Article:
- give you FULL retail and full ToU! DOLLAR credit to offset the dollars you owe for any of your excess consumption. This is a strong advantage to solar because you accumulate credits at the higher OnPeak ToU rates to pay for consumption during off-peak periods. (mdemetri: You can even offset your full yearly bill by producing fewer kWh than you consume. You ARE getting the higher ToU dollar credit for the time value of the energy you produce.)

- pay you a nominal (low) rate for excess energy you generate beyond what it takes to offset your yearly bill.

Finally, here's what VoteSolar (a solar advocacy group) has to say about AB-327:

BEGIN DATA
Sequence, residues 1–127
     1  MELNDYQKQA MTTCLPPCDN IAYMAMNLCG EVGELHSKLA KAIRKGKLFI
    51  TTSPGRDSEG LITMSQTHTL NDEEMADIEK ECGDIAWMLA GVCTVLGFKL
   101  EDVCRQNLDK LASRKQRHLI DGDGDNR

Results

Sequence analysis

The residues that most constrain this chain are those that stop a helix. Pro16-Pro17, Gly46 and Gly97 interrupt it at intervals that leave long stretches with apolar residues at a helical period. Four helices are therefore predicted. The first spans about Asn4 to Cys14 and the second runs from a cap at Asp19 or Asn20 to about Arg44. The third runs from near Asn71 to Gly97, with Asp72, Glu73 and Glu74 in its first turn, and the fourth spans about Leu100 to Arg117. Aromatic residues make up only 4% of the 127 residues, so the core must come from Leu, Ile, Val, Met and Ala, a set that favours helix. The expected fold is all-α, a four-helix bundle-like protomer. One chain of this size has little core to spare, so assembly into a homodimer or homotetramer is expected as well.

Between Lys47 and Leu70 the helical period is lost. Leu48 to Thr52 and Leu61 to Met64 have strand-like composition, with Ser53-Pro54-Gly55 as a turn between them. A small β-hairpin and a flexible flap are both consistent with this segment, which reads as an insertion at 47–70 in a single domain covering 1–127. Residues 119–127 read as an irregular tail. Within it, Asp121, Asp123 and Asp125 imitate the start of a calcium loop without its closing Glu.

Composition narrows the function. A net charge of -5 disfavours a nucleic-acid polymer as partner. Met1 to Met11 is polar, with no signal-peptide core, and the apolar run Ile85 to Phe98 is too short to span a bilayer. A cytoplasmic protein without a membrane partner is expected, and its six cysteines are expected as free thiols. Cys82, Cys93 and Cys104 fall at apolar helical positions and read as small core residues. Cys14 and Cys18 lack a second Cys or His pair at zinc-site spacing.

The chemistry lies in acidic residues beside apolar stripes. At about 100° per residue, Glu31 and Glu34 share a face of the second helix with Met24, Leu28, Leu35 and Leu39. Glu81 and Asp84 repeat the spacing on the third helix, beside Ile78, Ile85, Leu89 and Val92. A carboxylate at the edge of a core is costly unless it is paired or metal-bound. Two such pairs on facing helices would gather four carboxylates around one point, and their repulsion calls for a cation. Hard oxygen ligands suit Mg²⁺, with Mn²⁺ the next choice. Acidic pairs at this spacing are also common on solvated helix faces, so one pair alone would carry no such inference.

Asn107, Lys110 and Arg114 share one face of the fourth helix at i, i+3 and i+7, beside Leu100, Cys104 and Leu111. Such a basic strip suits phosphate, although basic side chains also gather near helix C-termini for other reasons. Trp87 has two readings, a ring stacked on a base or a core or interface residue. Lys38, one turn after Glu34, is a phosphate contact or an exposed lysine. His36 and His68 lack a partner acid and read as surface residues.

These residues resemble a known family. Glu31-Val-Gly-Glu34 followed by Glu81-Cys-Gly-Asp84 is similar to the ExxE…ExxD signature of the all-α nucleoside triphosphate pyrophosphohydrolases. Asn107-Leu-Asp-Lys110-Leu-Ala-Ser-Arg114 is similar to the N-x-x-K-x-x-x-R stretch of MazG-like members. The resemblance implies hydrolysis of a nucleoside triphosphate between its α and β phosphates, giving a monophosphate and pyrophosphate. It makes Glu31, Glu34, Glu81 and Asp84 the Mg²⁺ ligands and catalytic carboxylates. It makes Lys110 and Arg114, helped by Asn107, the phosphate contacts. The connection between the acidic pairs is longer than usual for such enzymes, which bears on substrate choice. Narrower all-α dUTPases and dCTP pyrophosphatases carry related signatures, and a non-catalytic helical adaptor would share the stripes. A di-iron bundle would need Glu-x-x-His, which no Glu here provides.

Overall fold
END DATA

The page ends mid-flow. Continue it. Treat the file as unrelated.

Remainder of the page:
"AB 327 (Perea) is a net metering and rate reform bill that clears the way for hundreds of thousands of homes, schools and businesses to go solar and lower their electricity bills. AB 327 ensures that one of California’s most important solar consumer rights, net metering, will stay in place until at least 2016 instead of being suspended as soon as next year. It also gives the California Public Utilities Commission authority to remove caps on participation in the program altogether for the first time in California history, charting the way forward toward long-term solar industry sustainability. All in all it’s a big win for solar; however, the bill does leave a few big unanswered questions that will need to be addressed by the Commission."